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Mosquito pool in Polo tests positive for West Nile Virus

West Nile Virus can be transmitted by mosquito bites.
West Nile Virus can be transmitted by mosquito bites.

The Ogle County Health Department has confirmed a second positive mosquito pool for West Nile Virus in Ogle County.

A pool of mosquitoes in Polo tested positive on Aug. 18. A previous pool in Rochelle tested positive on July 21.

“The OCHD will continue surveillance and testing mosquito pools from across Ogle County, as well as conducting mosquito abatement with methods such as larviciding to help control mosquito populations,” a Tuesday press release said.

Monitoring for West Nile virus in Illinois includes lab tests for mosquito batches, dead crows, blue jays, robins and other perching birds as well as testing humans with West Nile virus-like symptoms.

West Nile is transmitted through the bite of Culex mosquitoes, which pick up the virus from feeding on infected birds.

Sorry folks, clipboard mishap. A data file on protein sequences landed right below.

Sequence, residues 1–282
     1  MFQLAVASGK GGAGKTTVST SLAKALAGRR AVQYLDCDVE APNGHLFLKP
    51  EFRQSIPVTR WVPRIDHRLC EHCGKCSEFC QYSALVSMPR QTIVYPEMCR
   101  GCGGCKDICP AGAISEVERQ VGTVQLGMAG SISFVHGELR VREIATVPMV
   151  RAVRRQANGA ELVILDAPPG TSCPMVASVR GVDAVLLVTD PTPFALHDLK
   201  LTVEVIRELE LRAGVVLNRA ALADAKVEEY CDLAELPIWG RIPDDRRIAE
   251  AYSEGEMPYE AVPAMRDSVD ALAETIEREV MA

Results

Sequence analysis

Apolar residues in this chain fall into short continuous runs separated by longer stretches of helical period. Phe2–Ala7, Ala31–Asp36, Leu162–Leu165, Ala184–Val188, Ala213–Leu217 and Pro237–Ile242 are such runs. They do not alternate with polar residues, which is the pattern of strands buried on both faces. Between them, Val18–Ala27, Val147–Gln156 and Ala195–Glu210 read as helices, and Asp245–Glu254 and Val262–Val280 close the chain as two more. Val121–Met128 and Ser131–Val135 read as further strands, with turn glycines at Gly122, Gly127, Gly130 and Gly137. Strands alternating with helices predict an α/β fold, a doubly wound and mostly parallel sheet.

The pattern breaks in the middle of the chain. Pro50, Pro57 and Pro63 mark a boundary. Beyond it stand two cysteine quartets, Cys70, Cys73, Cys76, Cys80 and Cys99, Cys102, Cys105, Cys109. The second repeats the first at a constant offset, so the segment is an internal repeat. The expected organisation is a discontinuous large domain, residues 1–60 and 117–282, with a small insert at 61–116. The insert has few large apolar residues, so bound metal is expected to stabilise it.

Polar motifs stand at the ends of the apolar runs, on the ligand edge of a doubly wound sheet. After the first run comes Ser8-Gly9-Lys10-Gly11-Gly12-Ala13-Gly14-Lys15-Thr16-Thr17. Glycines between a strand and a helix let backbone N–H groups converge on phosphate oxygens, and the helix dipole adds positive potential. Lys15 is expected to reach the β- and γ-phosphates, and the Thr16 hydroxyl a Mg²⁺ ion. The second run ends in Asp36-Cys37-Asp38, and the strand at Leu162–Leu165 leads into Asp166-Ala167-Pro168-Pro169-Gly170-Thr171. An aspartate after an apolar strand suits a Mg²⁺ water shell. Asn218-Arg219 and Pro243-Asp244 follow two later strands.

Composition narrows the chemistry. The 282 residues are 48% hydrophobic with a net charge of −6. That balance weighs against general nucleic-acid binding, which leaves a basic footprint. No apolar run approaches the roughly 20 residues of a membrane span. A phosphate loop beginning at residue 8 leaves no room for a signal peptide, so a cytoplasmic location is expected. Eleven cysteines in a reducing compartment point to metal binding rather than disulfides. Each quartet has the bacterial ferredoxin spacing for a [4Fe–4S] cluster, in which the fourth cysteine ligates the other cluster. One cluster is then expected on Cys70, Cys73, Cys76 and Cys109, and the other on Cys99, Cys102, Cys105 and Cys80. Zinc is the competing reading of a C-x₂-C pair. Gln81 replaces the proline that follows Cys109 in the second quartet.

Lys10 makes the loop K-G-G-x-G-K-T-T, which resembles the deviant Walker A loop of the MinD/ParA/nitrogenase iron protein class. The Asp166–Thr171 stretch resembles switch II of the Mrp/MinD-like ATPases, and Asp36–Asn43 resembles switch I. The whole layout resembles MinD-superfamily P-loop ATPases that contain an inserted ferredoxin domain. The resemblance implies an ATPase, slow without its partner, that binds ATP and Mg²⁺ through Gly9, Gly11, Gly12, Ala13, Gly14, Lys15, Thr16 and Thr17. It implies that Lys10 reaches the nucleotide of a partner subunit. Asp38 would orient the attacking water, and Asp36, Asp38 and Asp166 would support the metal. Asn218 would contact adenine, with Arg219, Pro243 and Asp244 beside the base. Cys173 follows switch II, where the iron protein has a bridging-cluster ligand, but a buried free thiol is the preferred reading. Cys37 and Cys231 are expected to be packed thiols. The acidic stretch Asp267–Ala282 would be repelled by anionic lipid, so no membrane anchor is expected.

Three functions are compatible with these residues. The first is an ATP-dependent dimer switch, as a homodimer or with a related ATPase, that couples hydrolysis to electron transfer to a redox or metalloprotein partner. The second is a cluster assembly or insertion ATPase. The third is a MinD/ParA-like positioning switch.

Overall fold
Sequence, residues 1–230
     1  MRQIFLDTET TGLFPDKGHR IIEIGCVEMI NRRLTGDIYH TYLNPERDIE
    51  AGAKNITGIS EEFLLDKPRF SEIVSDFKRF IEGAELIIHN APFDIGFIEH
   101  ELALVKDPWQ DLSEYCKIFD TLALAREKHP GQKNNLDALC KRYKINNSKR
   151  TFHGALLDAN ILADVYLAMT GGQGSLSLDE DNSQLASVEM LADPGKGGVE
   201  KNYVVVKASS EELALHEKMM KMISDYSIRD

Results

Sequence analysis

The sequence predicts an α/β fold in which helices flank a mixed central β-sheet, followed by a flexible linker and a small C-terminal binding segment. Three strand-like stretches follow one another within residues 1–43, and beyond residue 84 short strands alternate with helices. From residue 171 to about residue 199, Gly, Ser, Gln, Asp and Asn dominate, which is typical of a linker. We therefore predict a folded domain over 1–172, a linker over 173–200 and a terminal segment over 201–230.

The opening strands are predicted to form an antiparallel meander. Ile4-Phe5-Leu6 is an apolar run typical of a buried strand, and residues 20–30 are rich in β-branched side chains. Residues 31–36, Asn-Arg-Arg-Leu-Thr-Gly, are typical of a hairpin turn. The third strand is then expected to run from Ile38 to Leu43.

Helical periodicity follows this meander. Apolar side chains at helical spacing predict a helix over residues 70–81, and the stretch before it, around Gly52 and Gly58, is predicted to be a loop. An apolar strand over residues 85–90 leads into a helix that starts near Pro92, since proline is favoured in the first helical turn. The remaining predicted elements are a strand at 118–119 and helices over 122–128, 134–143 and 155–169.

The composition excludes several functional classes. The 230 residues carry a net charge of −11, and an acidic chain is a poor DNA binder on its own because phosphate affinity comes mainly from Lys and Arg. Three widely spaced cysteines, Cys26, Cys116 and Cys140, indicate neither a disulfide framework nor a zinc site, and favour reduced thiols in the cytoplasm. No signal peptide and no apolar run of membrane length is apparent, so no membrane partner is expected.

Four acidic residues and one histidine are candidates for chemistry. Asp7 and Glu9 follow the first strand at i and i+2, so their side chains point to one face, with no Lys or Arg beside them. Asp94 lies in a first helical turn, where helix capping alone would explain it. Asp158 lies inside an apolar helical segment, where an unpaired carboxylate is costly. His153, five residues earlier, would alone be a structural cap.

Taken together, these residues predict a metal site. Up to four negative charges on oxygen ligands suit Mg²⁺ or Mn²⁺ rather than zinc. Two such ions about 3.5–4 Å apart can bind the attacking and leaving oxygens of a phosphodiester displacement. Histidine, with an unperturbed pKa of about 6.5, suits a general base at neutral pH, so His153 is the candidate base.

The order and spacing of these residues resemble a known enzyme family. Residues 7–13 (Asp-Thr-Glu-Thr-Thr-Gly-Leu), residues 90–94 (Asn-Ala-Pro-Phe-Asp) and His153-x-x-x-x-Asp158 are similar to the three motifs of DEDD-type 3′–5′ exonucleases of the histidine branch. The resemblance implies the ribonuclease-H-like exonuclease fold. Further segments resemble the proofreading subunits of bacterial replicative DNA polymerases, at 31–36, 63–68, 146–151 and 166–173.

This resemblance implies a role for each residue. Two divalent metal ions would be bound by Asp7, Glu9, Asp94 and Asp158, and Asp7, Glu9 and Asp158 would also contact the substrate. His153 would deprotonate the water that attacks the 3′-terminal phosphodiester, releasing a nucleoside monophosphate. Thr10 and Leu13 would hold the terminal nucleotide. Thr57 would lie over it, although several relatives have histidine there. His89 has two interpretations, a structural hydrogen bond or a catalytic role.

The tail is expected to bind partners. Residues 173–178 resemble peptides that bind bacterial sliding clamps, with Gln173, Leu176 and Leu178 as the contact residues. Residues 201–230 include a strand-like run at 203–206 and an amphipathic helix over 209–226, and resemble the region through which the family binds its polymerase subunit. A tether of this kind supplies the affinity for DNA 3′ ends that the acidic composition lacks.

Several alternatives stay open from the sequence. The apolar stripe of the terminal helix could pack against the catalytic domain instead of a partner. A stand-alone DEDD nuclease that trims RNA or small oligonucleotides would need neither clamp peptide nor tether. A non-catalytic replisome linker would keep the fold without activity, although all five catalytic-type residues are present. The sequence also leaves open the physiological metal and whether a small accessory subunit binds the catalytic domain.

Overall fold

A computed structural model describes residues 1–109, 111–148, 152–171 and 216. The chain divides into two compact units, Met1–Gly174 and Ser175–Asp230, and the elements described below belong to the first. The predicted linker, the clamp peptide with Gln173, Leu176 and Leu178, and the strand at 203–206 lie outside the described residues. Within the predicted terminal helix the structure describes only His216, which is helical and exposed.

Common symptoms include fever, nausea, headache and muscle aches. Symptoms may last from a few days to a few weeks. Four out of five people infected with West Nile will not show any symptoms.

Precautions include the “three R’s”: Reduce, Repel and Report.

Reduce by making sure doors and windows have tight-fitting screens. Repair or replace screens with tears or openings. Try to keep doors and windows shut. Eliminate or refresh each all sources of standing water where mosquitoes can breed.

Repel by wearing shoes, socks, long pants and sleeves when outside. Apply insect repellent that contains DEET, picaridin, oil of lemon eucalyptus or IR-3535 according to label instructions.

Report by calling about locations where you see water sitting stagnant for more than a week such as roadside ditches, flooded yards and similar locations. The health department or city government may be able to apply larvicide to the water to kill mosquito eggs.

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